His ideas often seemed bizarre: He believed in numerology, proposed building a highway around the world and for a while embraced a Zimbabwean man as the reincarnation of a son who had died in an accident.
He courted the powerful with surprising success, at one time counting among his friends and allies Christian right leader Jerry Falwell, who defended Moon when he was tried and later convicted in the U.S. on charges of tax evasion; the Nation of Islam’s Louis Farrakhan, who shared pulpits with him; and former President George H.W. Bush, who appeared at Unification Church-affiliated events in the U.S. and abroad.
In 2004, Moon invited guests to a U.S. Senate office building in Washington, where he had himself crowned “none other than humanity’s Savior, Messiah, Returning Lord and True Parent.” The ceremony was attended by a dozen members of Congress, several of whom later told reporters they had been misled about the purpose of the event.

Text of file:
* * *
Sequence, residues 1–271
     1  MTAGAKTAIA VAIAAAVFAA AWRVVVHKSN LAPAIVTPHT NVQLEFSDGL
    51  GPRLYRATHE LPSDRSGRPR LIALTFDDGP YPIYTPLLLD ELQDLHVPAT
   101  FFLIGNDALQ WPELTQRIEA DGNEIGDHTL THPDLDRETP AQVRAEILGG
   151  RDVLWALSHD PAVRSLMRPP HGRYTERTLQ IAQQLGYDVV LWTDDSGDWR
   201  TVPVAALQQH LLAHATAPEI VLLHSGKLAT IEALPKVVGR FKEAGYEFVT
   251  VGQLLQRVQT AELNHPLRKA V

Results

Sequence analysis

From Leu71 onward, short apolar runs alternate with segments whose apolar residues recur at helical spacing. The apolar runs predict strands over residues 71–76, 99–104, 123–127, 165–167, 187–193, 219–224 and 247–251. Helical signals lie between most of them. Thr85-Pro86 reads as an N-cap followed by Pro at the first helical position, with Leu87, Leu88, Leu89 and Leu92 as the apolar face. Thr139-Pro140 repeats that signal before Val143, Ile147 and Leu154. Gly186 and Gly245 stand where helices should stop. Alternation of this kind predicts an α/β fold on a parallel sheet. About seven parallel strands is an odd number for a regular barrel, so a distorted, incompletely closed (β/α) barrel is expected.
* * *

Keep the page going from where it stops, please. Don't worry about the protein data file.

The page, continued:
His religious journey purportedly began 16 years after his birth on Jan. 2, 1920, in what is now North Korea. According to biographical accounts, Jesus appeared to the young Moon on a Korean mountaintop on Easter Sunday in 1936. From this meeting Moon divined that his job was to complete Jesus’ mission of creating heaven on Earth.
During high school in Korea and at Waseda College in Tokyo, where he studied electrical engineering, Moon claimed to receive more messages from spiritual figures, including Buddha and Moses. He later said that Buddha told him to seek the unification of world religions “in a common effort to salvage the universe.”
After World War II, Moon founded a church and began preaching full-time, often speaking out against communism. His strong political stands caused problems with the North Korean government, which jailed him on charges of bigamy and draft evasion. He was freed in 1950.
In 1954, he founded the Holy Spirit Assn. for the Unification of World Christianity in Seoul. Three years later he published “The Divine Principle,” the main text of his church.